Rabbits are not dogs or cats. Rabbits are not stuffed plush toys. Rabbits are not cartoon characters. You will need to drop some of the misconceptions you may have about how a rabbit behaves in order to truly enjoy the individual animal you have. if you are new to rabbits, some things to remember are:
Not sure about your bunny? One of the true heartbreaks of a misunderstood bunny is simply this: A family gets a rabbit, but doesn't know much about how to take care of it or how to socialize it or gain its trust. As a result, the bunny is skittish around humans, and the humans think the bunny is just not interesting, so they begin to lost interest in it, and put less effort into gaining its trust. In turn, they see a less trusting rabbit and they think that their rabbit, or any rabbit, is just not an interesting pet. Nothing could be further from the truth, but it takes understanding of rabbits and their behavior, and dropping expectations that they will be like a dog or a cat, before anyone can really see how wonderful they are. Any rabbit living in an outdoor hutch has so little contact with humans, and for such short periods, that not much trust develops, and the humans really don't see the personality in the rabbit just waiting to come out.
Please give your rabbit a chance to show you how wonderful he/she is - please spend a lot of time with your bunny and get to know them, and see who they really are.
The House Rabbit Society's page on if you're the right kind of person to live with a rabbit
The San Diego House Rabbit Society's page on things to consider before getting a rabbit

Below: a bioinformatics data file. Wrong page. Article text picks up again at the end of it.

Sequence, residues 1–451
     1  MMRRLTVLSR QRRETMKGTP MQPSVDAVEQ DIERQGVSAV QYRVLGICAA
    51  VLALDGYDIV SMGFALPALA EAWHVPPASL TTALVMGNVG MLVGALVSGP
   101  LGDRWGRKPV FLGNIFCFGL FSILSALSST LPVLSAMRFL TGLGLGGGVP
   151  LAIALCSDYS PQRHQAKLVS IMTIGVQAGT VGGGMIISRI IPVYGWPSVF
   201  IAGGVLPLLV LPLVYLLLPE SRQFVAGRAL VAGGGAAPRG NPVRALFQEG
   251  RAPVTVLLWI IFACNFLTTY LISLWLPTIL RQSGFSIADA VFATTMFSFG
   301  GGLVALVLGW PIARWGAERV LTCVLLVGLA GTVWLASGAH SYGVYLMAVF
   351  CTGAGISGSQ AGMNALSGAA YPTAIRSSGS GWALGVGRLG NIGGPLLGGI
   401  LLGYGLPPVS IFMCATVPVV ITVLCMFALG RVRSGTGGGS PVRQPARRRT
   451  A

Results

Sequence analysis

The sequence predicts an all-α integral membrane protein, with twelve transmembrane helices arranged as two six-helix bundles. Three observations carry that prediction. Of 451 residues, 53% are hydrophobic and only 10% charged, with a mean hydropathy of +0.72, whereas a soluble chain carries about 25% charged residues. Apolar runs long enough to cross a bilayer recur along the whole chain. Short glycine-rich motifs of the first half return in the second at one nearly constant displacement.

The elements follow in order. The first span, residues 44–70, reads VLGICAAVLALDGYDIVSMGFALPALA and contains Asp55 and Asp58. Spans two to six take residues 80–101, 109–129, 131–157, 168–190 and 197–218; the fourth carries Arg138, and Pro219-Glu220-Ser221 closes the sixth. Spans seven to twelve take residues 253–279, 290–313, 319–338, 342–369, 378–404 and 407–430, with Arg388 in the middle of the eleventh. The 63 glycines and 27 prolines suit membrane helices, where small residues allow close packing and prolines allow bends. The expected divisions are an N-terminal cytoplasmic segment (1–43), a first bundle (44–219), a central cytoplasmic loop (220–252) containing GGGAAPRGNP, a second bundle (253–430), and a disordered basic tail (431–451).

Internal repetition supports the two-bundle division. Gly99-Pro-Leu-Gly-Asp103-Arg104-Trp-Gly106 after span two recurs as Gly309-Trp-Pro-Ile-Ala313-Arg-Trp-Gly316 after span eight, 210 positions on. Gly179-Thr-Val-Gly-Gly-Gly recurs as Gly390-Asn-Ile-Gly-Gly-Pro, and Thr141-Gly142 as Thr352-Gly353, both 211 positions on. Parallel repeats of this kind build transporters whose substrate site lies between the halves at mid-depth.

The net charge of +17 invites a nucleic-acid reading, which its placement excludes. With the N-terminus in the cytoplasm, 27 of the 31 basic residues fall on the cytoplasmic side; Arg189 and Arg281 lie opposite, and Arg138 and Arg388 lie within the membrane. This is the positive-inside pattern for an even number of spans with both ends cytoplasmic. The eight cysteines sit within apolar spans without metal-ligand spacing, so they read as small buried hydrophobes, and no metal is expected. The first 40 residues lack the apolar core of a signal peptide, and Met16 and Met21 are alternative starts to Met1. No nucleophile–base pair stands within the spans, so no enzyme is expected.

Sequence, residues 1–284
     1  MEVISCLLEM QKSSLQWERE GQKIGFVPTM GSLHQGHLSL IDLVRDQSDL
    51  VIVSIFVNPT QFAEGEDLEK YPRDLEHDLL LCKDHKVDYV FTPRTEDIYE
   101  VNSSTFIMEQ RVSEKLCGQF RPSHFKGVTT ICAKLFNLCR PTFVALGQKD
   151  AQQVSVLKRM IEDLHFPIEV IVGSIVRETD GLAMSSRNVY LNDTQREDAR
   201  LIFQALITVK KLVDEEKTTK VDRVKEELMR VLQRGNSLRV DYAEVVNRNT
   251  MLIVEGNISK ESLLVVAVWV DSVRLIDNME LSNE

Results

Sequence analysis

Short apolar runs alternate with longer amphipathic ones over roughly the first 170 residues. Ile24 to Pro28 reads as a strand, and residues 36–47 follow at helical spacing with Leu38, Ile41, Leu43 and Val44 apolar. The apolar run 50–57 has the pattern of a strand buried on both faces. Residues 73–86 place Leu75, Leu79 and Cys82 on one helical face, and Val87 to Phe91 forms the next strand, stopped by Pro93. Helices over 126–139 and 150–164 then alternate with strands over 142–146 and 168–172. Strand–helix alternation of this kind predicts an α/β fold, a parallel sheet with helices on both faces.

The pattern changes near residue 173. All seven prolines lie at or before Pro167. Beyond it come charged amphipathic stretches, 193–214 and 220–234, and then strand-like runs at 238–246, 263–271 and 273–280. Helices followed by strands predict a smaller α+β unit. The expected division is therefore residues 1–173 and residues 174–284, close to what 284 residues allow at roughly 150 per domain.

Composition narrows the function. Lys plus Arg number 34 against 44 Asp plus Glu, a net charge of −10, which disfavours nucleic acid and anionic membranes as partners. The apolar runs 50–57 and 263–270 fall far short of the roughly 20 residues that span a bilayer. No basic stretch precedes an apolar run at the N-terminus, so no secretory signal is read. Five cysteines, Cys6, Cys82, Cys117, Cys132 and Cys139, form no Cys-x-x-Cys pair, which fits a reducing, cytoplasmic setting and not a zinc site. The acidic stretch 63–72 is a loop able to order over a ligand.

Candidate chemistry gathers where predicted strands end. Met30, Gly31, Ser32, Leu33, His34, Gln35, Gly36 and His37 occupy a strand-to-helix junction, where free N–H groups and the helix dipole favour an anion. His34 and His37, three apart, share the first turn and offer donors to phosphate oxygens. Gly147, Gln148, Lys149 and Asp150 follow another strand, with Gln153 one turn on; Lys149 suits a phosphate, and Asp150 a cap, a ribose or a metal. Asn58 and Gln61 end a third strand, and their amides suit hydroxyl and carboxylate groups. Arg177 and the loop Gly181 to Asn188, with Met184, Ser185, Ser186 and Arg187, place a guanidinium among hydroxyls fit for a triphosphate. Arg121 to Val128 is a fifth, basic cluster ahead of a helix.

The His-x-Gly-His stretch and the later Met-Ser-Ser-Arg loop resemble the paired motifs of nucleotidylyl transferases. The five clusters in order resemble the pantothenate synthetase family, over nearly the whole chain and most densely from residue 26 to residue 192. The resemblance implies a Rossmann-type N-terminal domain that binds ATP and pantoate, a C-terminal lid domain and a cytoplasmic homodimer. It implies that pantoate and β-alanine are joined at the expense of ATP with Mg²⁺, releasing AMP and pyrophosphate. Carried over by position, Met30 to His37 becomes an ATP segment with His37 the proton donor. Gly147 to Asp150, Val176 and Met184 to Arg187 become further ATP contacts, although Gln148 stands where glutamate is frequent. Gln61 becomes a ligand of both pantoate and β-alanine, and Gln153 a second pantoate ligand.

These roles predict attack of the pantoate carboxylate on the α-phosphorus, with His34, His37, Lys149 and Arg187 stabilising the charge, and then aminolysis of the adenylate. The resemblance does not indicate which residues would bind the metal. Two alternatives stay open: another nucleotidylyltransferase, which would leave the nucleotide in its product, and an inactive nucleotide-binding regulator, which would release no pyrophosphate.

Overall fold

The House Rabbit Society's page on what rabbits are really like
The Sacramento House Rabbit Society's page on the differences between rabbits and more common pets
The Sacramento House Rabbit Society's page on having a rabbit in the house
The Sacramento House Rabbit Society's page bonded rabbits
Dana Krempels's article on why rabbits belong indoors
The San Diego House Rabbit Society's page on the difference between rabbits housed indoors and those confined to outdoor hutches
Zooh Corner's article on why rabbits belong indoors
Zooh Corner's article on bringing an outdoor bunny indoors
Zooh Corner's article on preparing your home for a new bunny
The San Diego House Rabbit Society's on how to structure your rabbit's environment for success
The San Diego House Rabbit Society's article on understanding your rabbit
The House Rabbit Society's index page of resources for new bunny owners
The Sacremento House Rabbit Society's article on getting along with your bunny
The House Rabbit Society's article on helping your new bunny get accustomed to his new home
Dana Krempels's article on understanding your rabbit
One person's journal on the experience of adopting a rabbitThis page is still under construction, we hope to add more content soon